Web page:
Still happy after 40 years of weaving cane

Text and Pix by Randima Attygalle

His humble push-cycle with bundles of cane strips tied to its sides and worn-out bag of equipment, will certainly not tell a story of a contented ‘weaver’ at first glance.

“Life can be hard at times with cane prices soaring, yet I don’t grumble and I have work round the year to keep my mind and hands busy,” says smiling Chandradasa Mendis from Bokundara, Piliyandala- a seasoned cane-weaver with almost 40 years of experience to his credit.

Mansions of the elite names in the country, corporate sector and luxury hotels have received Mendis’ ‘weaving’ touch. “My trade prospers mainly by word of mouth”, says Mendis whose customers are eager to recommend him either to a neighbour or a friend to mend an age-old chair or a complete set of living room-cane furniture.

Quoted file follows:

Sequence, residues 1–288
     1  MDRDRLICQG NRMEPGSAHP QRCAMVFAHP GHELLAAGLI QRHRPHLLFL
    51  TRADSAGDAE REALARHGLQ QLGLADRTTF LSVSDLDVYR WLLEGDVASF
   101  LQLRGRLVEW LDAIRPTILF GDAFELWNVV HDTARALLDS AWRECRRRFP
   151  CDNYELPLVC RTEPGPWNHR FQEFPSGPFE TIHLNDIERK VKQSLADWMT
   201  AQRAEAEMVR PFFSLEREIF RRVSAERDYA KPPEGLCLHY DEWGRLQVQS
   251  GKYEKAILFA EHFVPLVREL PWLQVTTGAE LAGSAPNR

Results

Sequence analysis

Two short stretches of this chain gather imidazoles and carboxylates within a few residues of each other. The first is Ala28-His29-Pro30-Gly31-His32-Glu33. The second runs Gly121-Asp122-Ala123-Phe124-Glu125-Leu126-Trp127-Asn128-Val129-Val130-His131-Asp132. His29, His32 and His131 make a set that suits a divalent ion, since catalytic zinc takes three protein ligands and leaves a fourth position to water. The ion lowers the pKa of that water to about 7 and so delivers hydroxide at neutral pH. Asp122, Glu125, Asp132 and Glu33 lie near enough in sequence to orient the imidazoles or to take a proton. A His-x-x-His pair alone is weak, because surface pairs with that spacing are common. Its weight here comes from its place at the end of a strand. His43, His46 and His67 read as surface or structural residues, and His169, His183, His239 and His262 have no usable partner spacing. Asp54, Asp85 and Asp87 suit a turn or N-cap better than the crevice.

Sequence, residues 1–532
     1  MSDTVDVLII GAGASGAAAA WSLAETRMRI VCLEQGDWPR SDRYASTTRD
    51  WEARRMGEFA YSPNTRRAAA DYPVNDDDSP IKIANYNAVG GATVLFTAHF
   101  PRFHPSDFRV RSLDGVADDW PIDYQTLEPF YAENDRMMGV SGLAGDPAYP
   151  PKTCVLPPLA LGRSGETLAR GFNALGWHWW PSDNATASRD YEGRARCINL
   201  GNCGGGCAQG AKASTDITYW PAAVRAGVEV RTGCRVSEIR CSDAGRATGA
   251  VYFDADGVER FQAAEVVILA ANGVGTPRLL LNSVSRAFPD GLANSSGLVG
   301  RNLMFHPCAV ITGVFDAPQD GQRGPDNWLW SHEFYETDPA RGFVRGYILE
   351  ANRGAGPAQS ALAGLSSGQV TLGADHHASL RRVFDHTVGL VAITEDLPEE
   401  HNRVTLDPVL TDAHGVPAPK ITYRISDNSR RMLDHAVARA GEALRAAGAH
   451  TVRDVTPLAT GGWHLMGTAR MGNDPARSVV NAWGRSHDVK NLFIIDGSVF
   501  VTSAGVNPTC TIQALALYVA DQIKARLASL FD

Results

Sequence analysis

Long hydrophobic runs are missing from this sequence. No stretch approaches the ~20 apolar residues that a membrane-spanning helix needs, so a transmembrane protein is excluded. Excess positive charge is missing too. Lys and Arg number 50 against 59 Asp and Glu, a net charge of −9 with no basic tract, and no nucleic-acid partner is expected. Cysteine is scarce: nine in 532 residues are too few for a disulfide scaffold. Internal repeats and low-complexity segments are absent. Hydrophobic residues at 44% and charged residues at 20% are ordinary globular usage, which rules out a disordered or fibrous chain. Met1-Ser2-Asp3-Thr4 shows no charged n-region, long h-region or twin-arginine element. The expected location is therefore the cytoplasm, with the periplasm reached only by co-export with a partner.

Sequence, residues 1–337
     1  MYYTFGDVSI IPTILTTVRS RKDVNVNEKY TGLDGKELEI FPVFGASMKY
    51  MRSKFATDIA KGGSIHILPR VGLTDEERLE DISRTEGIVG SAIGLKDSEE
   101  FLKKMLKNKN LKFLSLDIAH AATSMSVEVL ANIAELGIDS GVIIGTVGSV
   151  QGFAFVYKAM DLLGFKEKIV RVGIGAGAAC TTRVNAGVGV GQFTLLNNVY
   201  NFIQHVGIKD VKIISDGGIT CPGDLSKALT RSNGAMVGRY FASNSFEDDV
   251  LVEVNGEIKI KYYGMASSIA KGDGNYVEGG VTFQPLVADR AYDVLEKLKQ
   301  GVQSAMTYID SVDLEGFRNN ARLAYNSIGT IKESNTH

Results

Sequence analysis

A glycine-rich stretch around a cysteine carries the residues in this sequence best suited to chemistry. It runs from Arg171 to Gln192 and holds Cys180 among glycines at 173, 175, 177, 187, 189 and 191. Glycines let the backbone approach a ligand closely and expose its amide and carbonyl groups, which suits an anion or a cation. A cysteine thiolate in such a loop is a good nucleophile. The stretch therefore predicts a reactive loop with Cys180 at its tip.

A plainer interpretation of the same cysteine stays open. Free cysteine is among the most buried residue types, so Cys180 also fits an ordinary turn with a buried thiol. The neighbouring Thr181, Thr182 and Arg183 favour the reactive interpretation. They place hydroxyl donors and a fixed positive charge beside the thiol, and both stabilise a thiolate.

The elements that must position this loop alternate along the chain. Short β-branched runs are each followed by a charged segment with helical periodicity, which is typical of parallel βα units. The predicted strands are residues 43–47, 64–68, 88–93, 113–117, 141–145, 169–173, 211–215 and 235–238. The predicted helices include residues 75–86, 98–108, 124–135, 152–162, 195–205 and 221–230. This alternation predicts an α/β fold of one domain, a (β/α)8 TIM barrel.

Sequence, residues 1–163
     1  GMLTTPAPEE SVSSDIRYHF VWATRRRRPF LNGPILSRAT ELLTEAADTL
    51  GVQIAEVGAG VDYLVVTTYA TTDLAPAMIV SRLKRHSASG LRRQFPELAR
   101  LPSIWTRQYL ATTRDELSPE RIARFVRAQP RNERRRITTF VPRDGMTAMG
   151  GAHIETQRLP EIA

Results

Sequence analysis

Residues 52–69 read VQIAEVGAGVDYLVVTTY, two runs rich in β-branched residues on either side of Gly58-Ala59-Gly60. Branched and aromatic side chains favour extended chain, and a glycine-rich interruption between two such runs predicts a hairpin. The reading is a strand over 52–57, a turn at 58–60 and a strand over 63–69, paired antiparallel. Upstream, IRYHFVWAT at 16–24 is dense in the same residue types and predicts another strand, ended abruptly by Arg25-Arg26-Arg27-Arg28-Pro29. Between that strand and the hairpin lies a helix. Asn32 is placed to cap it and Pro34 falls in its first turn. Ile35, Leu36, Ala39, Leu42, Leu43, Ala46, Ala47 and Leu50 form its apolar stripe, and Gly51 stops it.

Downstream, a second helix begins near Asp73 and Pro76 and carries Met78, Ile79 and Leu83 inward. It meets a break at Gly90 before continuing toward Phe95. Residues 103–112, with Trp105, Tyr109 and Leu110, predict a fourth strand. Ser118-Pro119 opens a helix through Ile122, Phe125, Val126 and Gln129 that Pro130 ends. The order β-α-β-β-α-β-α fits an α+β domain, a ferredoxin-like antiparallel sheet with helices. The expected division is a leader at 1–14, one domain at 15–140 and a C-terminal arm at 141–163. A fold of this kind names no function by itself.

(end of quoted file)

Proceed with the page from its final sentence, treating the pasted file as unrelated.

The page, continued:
Inspired by the work of his father, a cane weaver himself, the young man soon grasped the techniques of the trade that extended from repairing of cane products to production. “Like any other vocation, this too is an art that has to be mastered with time and practice,” explains Mendis whose quick fingers moving rapidly on a sofa or a chair is indeed a fascinating sight.

He says the durability of a cane product lies mainly in the quality of the cane and the design of the particular item. “In the case of cane and wood mixed furniture, such as sofas, arm chairs and divans, the strength depends on the number of joints (thauwa) which binds the cane to the wooden frame and the space between them,” he explains adding that the maturity of the cane too is vital.

Distinguishing natural cane from artificial or plastic, Mendis says, “the natural cane we get from Polonnaruwa is cooling, eco-friendly and more costly than plastic cane which is imported.” According to him, the local cane-weaving industry is a specialised craft as all aspects of it are exclusively done by hand. “Unlike in many industrialised countries where woven cane is fixed to the structure with aid of machinery, our industry is devoid of it,” he said adding that equipment used by local artisans is light.


Top    Back to Business

Copyright © 2006 Wijeya Newspapers Ltd. All rights reserved.